Which Joe gave his name to ‘sloppy joes’? We look at five interesting sandwiches and their lexical origins.
A television advert of a few seconds' duration.
- ‘As he got closer to the nasty little secret, the inventor of the blipverts decided that he must be eliminated.’
- ‘I saw something like blipverts in the late 80s, TV commercials that flashed a series of images by so quickly that your mind wasn't given time to recognize the image, and accept or reject it.’
- ‘And now I'd like your comment on the revolutionary form of advertising called… blipverts.’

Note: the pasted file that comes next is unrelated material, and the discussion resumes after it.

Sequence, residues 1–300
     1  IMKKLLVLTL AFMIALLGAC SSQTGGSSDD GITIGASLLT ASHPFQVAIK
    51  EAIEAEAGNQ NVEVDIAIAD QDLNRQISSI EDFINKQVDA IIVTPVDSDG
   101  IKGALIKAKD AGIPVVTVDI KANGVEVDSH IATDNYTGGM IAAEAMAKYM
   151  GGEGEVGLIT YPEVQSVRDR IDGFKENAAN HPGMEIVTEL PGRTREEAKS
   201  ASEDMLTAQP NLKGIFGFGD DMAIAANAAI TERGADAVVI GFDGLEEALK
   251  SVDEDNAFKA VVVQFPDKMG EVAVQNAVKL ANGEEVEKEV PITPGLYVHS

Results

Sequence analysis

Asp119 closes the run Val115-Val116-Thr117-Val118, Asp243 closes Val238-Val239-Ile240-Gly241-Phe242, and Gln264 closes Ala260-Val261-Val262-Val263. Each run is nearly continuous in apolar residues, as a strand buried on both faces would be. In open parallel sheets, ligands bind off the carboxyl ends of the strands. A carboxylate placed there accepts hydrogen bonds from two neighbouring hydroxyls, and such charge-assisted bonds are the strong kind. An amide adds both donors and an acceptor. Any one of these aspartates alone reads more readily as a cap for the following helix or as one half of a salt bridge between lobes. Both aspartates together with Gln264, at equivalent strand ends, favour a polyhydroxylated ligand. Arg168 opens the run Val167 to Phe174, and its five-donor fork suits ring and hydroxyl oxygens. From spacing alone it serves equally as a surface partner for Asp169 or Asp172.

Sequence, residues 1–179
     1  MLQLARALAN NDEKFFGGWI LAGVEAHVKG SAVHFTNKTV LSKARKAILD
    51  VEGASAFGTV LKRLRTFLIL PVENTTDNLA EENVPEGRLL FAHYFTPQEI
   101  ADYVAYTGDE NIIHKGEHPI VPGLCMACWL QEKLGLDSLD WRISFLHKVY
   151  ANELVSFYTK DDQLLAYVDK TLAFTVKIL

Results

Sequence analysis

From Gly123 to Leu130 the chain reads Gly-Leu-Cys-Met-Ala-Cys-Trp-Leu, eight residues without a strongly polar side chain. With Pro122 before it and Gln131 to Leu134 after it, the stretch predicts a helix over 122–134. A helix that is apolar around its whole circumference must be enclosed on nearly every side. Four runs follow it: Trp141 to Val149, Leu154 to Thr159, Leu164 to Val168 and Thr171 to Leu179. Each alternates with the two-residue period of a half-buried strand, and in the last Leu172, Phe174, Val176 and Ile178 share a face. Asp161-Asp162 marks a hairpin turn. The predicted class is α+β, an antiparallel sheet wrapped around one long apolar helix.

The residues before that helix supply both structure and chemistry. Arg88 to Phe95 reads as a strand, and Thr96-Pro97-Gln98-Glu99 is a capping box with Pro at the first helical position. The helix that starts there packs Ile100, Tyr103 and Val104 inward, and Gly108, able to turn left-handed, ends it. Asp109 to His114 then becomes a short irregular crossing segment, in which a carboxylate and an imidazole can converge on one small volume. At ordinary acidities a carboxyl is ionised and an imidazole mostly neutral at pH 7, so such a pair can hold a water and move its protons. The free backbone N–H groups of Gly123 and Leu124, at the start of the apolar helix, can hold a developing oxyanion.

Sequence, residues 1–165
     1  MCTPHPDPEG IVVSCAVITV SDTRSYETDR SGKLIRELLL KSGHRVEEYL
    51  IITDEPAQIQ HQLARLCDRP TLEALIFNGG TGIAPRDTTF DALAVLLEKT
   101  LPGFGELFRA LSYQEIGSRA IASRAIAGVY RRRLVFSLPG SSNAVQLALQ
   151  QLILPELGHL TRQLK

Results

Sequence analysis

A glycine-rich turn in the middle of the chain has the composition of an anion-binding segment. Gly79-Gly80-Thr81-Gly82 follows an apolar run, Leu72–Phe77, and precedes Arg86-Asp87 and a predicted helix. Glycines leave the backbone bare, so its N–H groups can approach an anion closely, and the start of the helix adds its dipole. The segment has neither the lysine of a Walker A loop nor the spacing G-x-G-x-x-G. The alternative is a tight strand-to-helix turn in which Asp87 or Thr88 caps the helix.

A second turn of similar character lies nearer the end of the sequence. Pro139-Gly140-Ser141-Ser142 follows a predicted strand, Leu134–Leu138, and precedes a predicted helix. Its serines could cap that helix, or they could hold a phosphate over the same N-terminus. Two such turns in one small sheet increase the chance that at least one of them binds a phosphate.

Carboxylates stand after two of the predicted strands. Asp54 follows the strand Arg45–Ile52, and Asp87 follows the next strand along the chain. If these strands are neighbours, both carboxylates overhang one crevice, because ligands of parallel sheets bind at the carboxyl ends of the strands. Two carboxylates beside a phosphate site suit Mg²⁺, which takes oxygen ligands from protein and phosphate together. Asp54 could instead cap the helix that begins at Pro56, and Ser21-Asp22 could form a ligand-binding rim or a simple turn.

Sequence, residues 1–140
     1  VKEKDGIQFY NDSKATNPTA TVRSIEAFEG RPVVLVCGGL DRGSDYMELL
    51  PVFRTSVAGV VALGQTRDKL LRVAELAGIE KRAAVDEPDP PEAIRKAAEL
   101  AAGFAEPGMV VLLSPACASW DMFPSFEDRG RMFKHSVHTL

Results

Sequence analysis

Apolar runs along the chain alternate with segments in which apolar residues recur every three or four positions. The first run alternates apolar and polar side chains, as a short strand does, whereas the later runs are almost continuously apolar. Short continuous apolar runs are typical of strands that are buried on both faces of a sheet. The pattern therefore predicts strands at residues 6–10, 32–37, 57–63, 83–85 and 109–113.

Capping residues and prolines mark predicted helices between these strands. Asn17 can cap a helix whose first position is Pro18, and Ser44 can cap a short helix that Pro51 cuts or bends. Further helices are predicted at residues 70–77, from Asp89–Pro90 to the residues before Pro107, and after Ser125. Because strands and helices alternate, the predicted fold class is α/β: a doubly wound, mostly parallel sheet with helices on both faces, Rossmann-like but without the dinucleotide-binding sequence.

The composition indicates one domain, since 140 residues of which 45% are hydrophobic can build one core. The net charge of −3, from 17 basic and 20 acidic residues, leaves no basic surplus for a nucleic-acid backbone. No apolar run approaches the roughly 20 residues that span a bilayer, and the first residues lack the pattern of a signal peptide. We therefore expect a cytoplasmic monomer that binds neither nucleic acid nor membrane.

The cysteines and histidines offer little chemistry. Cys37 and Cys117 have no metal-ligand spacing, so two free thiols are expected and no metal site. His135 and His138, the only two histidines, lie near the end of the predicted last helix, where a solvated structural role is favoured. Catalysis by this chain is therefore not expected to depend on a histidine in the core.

- ‘Hi to you if you have come here via my new blipverts.’
- ‘I remember blipverts were commercials that made your head explode.’
- ‘In 1997, the producers commissioned six artists to make forty-five second blipverts for the cinema which were seen by nearly 750,000 people during 1997/8.’
- ‘The network dominates the airwaves through its use of blipverts, which compress thirty seconds of commercial information into three seconds.’
We take a look at several popular, though confusing, punctuation marks.
From Afghanistan to Zimbabwe, discover surprising and intriguing language facts from around the globe.
The definitions of ‘buddy’ and ‘bro’ in the OED have recently been revised. We explore their history and increase in popularity.